'Standard candles' illuminate the far side of the Milky Way

May 14, 2014
This artist's impression of the Milky Way Galaxy seen from outside shows the Sun (large yellow circle) and some of the well studied nearby Cepheids (pale blue circles). The pink region depicts the hydrogen gas in the flared outer parts of the Milky Way together with the new Cepheids discussed by Feast and colleagues (dark blue circle). Credit: : R. M. Catchpole (IoA Cambridge) and NASA/JPL-Caltech

South African astronomers have discovered the very first known stars in the flared disk of our Milky Way Galaxy. These stars are situated on the far side of our Galaxy, 80 thousand light years from the Earth and beyond the Galactic Centre.

The discovery is important because stars like these will allow astronomers to test theoretical ideas about how , like the Milky Way in which we live, formed. In particular these stars, which are close to the effective edge of the Milky Way, will help astronomers trace the distribution of the very mysterious . Dark matter is known to be an important component of all galaxies, but its nature and distribution remain elusive.

The five stars involved in this discovery are very special ones, known as Cepheid variables, whose brightness changes regularly on a cycle time of a few days. These Cepheid variables have characteristics that allow their distances to be measured accurately. A team of astronomers led by Prof. Michael Feast used observations made with the Southern African Large Telescope (SALT) and the Infrared Survey Facility (IRSF), both at the South African Astronomical Observatory's (SAAO) site at Sutherland in the Northern Cape, to determine the distances of these stars and hence their locations within our Galaxy.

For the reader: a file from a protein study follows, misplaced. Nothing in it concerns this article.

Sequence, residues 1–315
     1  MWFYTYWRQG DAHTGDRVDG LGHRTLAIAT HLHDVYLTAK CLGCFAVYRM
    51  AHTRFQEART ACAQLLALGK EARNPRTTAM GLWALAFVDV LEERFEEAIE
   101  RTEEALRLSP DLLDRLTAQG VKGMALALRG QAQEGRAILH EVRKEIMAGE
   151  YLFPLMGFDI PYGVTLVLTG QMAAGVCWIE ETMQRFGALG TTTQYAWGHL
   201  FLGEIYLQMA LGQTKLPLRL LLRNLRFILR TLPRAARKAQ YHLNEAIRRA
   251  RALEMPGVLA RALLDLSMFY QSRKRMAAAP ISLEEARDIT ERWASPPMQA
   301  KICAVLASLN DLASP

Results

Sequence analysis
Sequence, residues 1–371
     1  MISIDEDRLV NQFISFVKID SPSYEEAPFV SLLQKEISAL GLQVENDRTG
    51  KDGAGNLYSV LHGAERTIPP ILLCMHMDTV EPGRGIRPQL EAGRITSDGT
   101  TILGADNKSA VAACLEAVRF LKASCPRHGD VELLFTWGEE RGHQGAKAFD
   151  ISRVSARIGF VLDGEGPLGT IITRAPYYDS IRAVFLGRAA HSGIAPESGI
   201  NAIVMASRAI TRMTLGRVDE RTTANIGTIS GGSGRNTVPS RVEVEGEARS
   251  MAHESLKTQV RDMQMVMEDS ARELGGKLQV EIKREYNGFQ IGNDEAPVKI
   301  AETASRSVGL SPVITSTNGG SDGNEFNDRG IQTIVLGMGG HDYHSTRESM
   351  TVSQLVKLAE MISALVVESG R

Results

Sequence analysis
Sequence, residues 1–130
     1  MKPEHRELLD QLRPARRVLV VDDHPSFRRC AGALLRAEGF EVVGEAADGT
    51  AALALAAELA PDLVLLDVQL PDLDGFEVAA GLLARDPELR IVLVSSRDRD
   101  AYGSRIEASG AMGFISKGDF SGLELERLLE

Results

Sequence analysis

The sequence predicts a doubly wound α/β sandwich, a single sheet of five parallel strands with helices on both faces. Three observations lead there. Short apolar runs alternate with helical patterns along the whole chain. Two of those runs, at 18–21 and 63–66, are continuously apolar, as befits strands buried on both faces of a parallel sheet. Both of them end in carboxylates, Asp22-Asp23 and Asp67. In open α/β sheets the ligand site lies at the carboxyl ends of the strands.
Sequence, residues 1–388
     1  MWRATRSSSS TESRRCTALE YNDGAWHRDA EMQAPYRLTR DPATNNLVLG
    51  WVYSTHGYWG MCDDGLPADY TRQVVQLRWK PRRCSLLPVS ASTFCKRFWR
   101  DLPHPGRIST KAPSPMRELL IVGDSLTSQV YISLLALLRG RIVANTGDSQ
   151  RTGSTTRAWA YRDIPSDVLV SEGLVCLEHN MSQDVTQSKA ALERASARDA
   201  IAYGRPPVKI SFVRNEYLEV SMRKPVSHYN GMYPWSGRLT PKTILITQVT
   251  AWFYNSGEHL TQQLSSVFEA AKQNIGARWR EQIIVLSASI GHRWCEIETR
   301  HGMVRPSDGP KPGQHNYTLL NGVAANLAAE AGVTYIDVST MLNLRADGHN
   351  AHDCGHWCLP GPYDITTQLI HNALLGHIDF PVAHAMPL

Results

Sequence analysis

The majority of stars in our Galaxy, including our own sun, are distributed in a flat disk (see illustration). Early in the 21st century radio astronomers discovered that hydrogen gas, of which the Galaxy contains a great deal, flared away from the disk at large distances from the Galactic centre, but until now no one knew that stars did the same thing.

An infrared image (left) of the Cepheid named OGLE-BLG-CEP-32 and the stars which surround it, together with its SALT spectrum (insert right). These were used to show that the Cepheid was in the flare of the Galactic disk. Credit: Whitelock et al

The team who made the discovery are from South Africa and Japan: Prof Michael Feast (University of Cape Town – UCT, SAAO), Dr John Menzies (SAAO), Dr Noriyuki Matsunaga (the University of Tokyo, Japan) and Prof Patricia Whitelock (SAAO, UCT).

These results will be published in detail on 15 May, in the international journal Nature.

Explore further: Can super-fast stars unveil dark matter's secrets?

More information: Paper: dx.doi.org/10.1038/nature13246

Journal reference: Nature search and more info website

Provided by South African Astronomical Observatory

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Pejico
May 16, 2014
This comment has been removed by a moderator.
IMP-9
5 / 5 (5) May 16, 2014
It sorta violates the existing cosmological model, in which the oldest stars should exist at the center of clusters and galaxies instead


No. It's been long known that older population II stars exist on the outskirts of galaxies. This is because there hasn't been much star formation in that region in a long time leaving only older stars. This is seen in galaxy formation models, it does not violate standard cosmology.
Pejico
May 16, 2014
This comment has been removed by a moderator.
IMP-9
5 / 5 (5) May 17, 2014
So why everyone gets so surprised, when such stars are found?


Because your article is about clusters Not galaxies. No science is not some grand conspiracy to extract grant money, you just don't read things properly. How stars form in clusters is not based on cosmological models.